Why you shouldn't build a Kubernetes Operator
2019-11-16, 12:00–12:30, The Gallery

Since its origins at CoreOS and flowering at Red Hat, the Operator pattern has seen lots of explication and promotion -- rightly so. It's a pattern for extending Kubernetes, built from key Kubernetes components and concepts. But it's not right for every application in every case. This talk will help developers make informed choices about when they do, and when they don't, need to extend Kubernetes to get the features their app needs.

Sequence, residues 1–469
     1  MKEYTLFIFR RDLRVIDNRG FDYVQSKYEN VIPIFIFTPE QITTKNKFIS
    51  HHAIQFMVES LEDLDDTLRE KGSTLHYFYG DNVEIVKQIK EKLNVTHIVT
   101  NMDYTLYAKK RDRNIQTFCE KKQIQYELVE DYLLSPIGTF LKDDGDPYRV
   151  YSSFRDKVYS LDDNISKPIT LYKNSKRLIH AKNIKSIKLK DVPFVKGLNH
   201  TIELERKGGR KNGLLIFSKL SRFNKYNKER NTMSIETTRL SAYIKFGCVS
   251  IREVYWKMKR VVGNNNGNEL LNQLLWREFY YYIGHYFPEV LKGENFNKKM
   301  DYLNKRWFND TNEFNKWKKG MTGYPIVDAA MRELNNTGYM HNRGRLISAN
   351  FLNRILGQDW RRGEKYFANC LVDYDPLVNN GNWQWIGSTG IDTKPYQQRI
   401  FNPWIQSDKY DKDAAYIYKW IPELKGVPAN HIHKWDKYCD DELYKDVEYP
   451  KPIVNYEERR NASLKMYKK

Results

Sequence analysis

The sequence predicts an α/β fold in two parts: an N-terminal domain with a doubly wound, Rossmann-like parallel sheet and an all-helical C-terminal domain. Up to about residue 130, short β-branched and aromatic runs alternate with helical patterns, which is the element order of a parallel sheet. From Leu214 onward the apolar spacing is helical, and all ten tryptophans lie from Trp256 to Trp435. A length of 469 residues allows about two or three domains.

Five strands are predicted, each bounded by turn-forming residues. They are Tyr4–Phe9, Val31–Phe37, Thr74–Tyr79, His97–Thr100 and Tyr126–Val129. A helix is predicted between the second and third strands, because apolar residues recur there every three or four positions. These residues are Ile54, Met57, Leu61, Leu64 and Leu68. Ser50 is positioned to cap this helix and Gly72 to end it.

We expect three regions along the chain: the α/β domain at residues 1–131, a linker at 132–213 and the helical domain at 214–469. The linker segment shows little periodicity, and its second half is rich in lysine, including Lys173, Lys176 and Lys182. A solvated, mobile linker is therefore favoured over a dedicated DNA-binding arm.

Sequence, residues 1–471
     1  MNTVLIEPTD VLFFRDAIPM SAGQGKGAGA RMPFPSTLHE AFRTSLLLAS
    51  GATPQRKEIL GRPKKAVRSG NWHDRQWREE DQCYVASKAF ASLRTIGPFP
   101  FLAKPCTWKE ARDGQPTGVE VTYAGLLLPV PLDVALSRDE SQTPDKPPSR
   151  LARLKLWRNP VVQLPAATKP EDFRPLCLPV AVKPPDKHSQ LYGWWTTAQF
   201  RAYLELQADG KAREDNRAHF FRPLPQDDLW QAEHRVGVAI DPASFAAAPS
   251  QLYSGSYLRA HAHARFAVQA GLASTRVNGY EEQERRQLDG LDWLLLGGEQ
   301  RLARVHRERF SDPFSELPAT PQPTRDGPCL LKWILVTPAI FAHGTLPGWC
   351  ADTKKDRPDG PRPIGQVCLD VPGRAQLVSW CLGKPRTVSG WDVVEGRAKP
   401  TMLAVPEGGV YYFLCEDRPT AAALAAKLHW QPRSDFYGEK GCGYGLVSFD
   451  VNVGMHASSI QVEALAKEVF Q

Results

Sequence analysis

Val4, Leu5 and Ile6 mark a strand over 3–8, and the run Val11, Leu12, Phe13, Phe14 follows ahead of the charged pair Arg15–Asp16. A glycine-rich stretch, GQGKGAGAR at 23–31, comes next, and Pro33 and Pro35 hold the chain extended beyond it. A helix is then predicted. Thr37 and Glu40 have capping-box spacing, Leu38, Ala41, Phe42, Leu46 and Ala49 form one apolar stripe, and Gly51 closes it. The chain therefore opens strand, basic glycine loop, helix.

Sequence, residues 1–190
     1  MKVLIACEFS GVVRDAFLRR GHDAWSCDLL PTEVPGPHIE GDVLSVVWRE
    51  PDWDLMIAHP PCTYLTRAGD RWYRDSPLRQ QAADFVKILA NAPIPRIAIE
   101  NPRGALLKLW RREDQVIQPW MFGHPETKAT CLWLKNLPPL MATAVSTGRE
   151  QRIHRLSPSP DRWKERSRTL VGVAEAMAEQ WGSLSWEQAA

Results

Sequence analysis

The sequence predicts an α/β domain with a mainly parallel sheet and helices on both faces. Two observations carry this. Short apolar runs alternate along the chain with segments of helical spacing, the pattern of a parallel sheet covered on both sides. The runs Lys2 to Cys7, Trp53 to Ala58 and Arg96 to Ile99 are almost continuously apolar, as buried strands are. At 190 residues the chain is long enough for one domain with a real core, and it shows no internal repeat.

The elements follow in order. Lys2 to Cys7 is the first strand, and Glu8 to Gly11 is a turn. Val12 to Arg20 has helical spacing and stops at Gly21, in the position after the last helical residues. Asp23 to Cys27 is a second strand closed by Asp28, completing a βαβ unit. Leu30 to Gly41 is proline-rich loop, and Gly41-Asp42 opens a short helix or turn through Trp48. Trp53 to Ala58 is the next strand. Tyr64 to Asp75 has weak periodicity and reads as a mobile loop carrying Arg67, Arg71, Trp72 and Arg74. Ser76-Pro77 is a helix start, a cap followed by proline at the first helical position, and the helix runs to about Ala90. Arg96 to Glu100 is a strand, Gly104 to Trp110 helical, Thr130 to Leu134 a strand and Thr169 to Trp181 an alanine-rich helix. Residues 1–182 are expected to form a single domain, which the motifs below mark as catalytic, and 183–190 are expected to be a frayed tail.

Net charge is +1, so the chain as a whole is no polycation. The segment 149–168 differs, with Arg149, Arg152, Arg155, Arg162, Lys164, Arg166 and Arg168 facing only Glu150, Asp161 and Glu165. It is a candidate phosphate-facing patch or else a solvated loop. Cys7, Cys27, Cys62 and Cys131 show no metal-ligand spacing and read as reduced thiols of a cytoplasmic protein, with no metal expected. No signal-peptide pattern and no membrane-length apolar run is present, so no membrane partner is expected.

Kubernetes scales and manages stateless applications quite easily. Stateful applications are trickier. Databases, caching systems, and file stores must be dynamically managed with data intact, and often come with their own notion of clustering. Operators are Kubernetes agents that know how to deploy, scale, manage, backup, and even upgrade complex, stateful applications. But not every stateful case needs an Operator; from ConfigMaps to StatefulSets, core Kubernetes abstractions overlap with lower-level Operator functionality, and sometimes an application-specific Operator isn't the right choice. This talk will compare and contrast the Operator pattern with native abstractions to help you know why you shouldn't (or should) build a Kubernetes Operator.